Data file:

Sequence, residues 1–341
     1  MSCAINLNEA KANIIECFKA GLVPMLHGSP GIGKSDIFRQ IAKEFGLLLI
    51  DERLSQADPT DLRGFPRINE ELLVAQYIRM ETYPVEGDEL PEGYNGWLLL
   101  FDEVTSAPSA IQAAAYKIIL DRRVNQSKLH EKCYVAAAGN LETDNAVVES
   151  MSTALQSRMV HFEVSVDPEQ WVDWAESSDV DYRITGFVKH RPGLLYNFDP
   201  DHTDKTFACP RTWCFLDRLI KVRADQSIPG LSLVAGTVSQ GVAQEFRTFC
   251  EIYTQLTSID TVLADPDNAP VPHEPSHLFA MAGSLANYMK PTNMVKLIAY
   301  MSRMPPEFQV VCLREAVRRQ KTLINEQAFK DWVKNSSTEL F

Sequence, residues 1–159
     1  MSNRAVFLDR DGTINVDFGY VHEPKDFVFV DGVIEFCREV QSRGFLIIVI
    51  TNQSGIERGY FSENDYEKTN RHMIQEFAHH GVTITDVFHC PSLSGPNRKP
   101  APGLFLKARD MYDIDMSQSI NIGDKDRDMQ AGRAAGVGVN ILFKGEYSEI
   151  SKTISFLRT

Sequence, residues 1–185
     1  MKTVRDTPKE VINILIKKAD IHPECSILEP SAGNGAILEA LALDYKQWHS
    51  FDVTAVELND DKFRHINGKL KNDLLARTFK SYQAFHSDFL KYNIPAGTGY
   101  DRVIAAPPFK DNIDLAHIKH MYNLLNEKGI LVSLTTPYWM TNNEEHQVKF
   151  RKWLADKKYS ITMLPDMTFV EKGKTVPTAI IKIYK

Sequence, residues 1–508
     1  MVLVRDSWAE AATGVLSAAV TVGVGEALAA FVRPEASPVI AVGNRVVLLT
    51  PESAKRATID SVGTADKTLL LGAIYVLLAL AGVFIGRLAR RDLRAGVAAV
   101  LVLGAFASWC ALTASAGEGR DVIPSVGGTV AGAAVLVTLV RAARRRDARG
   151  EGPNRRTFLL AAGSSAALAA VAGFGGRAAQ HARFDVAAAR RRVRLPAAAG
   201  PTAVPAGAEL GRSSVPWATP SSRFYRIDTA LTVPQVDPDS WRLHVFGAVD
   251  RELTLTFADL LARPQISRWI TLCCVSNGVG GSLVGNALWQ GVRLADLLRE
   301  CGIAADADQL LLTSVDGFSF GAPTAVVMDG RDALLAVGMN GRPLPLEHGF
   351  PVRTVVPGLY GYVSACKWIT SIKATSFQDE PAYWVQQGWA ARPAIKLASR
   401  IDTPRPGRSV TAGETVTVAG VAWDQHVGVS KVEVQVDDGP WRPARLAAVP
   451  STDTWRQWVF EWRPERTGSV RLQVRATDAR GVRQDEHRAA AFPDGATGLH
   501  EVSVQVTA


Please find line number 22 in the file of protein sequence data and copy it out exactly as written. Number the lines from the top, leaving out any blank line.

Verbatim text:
   101  LVLGAFASWC ALTASAGEGR DVIPSVGGTV AGAAVLVTLV RAARRRDARG